10. shibby

    shibby

    Messages:
    20
    Likes Received:
    10
    Exp:
    Home Cook
    I don't have great knives, I wanted to bought real ones for a while now.

    Currently I am using a knife from ikea which I sharpen with a ceramic sharpener.

    The plan is to buy a sharpening stone along with the knives.

    I already know how to sharpen a knife with a sharpening stone so I am not affraid of this improvement.
     
  11. shibby

    shibby

    Messages:
    20
    Likes Received:
    10
    Exp:
    Home Cook
    Thanks.
    I am looking at Kagayaki, Misono and Hiromoto on JCK they seems pretty good.

    Where do you stand on Konosuke HD? I heard about them quite some time on this forum especially from the famous BDL.

    I am not affraid to pay the price for the quality so the budget is not really an issue, unless you propose me a knife which costs over $1 000. But still I would be glad to knew its name though.
     
    Last edited: Nov 11, 2014
  12. mrbushido

    mrbushido

    Messages:
    237
    Likes Received:
    10
    Exp:
    Home Cook
    i have the konosuke hd2 270mm gyuto and love it but its a laser so not good for everything and hard use.
     
  13. shibby

    shibby

    Messages:
    20
    Likes Received:
    10
    Exp:
    Home Cook
    It seems that those lasers are pretty different from the other knives.

    What is the big deal with them?

    Is it that hard to start with a laser?
     
  14. mrbushido

    mrbushido

    Messages:
    237
    Likes Received:
    10
    Exp:
    Home Cook
    thinner more fragile more chippy harder to sharpen etc
     
  15. torchskitchen

    torchskitchen

    Messages:
    7
    Likes Received:
    22
    Exp:
    Culinary Student
    I bought my primary chef's knife from japaneseknifeimports.com  If you contact "Jon" the owner he will provide you the best customer service without trying to sell you high end product that you may not want/need. I specifically purchased the Gesshin Ginga 240mm Stainless Wa-Gyuto for $250. I have not had to sharpen the knife since I bought it in July.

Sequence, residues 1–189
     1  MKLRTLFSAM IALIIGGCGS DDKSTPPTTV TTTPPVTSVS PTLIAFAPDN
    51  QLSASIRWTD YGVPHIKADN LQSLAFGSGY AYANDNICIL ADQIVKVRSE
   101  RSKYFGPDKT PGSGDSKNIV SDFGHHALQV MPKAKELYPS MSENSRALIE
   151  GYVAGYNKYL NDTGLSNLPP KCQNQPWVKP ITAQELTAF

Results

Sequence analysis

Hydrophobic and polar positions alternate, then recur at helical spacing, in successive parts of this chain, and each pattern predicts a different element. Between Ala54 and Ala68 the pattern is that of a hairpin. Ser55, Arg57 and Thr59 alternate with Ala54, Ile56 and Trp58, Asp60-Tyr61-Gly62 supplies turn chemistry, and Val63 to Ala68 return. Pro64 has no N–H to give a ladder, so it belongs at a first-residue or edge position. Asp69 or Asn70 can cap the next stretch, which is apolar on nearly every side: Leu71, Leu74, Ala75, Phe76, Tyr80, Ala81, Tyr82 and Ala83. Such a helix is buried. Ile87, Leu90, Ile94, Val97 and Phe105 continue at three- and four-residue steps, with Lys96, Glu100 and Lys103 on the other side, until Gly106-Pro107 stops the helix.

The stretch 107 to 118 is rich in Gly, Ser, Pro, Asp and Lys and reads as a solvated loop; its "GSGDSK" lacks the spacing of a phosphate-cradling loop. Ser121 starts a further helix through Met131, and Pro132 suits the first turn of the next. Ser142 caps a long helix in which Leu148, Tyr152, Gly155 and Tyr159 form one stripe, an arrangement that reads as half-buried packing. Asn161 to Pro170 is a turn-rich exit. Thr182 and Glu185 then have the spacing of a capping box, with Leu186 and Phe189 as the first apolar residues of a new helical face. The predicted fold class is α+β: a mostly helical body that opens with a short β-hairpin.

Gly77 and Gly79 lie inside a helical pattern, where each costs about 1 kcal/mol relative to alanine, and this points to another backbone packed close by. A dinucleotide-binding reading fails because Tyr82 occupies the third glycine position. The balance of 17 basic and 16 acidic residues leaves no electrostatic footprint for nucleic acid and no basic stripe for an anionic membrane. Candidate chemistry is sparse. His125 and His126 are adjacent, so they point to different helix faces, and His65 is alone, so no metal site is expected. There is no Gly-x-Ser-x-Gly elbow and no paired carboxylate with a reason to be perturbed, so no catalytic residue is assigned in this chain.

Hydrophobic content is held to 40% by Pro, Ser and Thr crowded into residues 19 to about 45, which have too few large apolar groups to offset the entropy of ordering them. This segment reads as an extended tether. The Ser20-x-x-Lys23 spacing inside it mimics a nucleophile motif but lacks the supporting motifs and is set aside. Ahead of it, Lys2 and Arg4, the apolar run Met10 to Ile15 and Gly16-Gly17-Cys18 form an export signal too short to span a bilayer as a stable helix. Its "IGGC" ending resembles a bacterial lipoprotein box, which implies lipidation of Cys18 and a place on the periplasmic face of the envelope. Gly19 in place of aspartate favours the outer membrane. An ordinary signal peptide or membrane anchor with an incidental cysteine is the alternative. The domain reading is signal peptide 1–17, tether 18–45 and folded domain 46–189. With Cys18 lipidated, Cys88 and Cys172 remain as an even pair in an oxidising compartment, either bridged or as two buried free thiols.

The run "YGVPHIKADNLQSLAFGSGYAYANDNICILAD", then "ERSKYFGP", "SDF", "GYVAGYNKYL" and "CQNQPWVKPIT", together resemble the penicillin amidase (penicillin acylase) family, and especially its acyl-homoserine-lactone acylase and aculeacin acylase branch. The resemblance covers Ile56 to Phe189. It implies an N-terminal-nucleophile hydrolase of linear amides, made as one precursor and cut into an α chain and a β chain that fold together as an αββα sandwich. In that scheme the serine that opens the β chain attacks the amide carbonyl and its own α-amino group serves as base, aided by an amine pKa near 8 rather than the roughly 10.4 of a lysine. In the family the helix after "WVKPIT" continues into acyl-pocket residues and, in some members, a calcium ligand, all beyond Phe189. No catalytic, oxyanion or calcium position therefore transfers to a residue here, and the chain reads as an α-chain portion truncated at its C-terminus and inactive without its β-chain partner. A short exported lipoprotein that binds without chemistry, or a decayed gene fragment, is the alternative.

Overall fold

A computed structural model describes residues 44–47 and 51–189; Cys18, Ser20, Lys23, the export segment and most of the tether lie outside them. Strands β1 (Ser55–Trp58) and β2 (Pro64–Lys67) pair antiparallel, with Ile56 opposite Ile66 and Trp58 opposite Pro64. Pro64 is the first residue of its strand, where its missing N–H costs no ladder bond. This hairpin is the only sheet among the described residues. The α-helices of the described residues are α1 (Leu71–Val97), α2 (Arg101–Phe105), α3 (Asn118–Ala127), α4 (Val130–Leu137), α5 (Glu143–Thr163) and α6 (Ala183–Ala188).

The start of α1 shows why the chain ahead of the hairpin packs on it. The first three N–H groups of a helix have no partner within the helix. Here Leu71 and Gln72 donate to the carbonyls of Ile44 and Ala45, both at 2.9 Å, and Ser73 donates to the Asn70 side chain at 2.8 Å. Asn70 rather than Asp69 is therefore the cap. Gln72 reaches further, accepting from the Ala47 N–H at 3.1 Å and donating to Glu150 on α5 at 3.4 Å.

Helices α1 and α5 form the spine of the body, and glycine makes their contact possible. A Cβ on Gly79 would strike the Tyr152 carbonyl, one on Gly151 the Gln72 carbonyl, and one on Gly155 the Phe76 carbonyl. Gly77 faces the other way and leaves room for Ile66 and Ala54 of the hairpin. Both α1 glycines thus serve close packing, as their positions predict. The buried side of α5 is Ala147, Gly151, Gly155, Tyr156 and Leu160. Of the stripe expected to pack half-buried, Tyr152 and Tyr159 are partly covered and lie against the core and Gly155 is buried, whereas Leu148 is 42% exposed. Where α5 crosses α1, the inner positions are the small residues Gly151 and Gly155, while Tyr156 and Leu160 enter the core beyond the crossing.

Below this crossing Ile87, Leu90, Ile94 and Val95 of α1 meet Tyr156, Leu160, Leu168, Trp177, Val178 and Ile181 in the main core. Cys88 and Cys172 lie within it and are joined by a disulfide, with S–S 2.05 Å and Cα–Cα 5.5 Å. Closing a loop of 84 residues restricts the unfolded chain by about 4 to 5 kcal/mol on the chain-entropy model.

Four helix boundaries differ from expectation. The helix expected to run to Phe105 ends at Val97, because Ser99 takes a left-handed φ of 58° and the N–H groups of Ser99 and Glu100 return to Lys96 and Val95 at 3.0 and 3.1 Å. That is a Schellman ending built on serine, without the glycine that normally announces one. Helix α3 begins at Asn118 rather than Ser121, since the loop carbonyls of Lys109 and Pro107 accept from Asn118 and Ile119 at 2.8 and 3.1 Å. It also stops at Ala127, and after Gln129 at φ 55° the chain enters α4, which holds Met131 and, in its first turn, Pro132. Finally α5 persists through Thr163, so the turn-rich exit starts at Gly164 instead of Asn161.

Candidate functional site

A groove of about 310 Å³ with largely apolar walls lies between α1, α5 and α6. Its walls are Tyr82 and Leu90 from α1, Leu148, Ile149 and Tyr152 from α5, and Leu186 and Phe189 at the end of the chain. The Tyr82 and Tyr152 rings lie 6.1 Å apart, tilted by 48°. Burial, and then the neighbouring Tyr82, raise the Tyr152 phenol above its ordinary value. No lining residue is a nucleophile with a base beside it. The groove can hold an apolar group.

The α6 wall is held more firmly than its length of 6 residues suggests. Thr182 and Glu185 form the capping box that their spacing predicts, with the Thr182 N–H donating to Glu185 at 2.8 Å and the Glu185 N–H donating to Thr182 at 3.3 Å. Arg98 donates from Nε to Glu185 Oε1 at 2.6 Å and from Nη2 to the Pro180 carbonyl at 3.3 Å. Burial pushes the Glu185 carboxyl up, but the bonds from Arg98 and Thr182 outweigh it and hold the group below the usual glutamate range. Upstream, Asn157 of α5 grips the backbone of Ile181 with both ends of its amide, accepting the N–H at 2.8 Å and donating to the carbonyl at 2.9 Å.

16. phaedrus

    phaedrus

    Messages:
    1,579
    Likes Received:
    143
    Exp:
    Professional Chef
    I think that's overstated by quite a bit.  I've done quite a few Moritakas and found them to be no worse than any other handmade kurouichi knife.  I do have a personal one in my kit that had an undergrind; that was interesting!  Most folks would have had to send it back but I had no trouble spiffing it up.  At any rate they're at least as good as a Takeda.  Most of those kind of knives can have some "quirks" to them.  Any good reputable vendor will stand behind the knife though and make sure you get a good one and fix it if you don't.
     
  17. shibby

    shibby

    Messages:
    20
    Likes Received:
    10
    Exp:
    Home Cook
    I feel lost with all those brands, pros and cons, etc

    I get that laser required more experience, but still I am considering of buying one along with two others in order to get used to it because they seem to be pretty good knives.

    But what can I buy in order to keep them around me without being disappointed later?
     
  18. millionsknives

    millionsknives

    Messages:
    2,500
    Likes Received:
    480
    Exp:
    Professional Caterer
    If you want a laser thin gyuto, and are aware of the usage/maintenance warnings, I'd say go for it.  A thin knife will cruise through onions like a dream. No wedging on carrots or potatoes :)  but be extra careful to not torque the blade, no rock chopping, no bones.

    On the plus side, maybe maintenance is easier.   Since they are so thin to begin with, you don't need to thin as much when you sharpen.  As a home user, just sharpening the edge normally can probably get you by for years without noticeable performance decrease, and that much is easy to learn.  You can be an adequately good at basic sharpening in a few sessions.
     
  19. rick alan

    rick alan

    Messages:
    2,498
    Likes Received:
    165
    Exp:
    Cook At Home
    The whole laser thing is very relative.  The 10" Vic rosewood I recently bought to do a review on is 2.46mm (.96") at the spine above the heal, very close to a typical laser, plus it has a full distill taper which the Kono laser does not really.   I easily put a 3deg secondary bevel in with a 1K stone, bringing the edge thickness from .4mm to .25 (.010").  Convexing of the edge gives added perceived thinness.  Thinning the tip reasonably did take a bench grinder though (I'll finish that when I have access to a belt sander).  Not real laser numbers but very close.  Nothing I can do about the mediocre steel of course.

    Anyways the Vic glides effortlessly through potatoes and not bad with carrots either, and a citrus seed is not going to harm the edge at all, nor do I have to fear carving a chicken or working around cow bone, though there is really no need for me to do that.

    And of course other knives mentioned here are better non-laser options to this Vic.

    Rick
     
  20. phaedrus

    phaedrus

    Messages:
    1,579
    Likes Received:
    143
    Exp:
    Professional Chef
    Which vendor?  I've purchased mine only from CKTG, no problems on that front.  But I've seen about the same amount of badly done Takedas as Moritakas, so it's always important to buy from a vendor that stands behind whatever you're buying.